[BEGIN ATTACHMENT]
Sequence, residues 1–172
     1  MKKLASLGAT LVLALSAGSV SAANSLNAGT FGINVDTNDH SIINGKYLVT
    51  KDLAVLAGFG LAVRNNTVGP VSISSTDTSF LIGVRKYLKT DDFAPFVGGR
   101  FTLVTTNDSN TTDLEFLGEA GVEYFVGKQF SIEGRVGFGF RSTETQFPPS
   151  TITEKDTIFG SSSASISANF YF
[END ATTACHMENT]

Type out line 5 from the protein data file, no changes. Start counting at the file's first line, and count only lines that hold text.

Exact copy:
   151  TITEKDTIFG SSSASISANF YF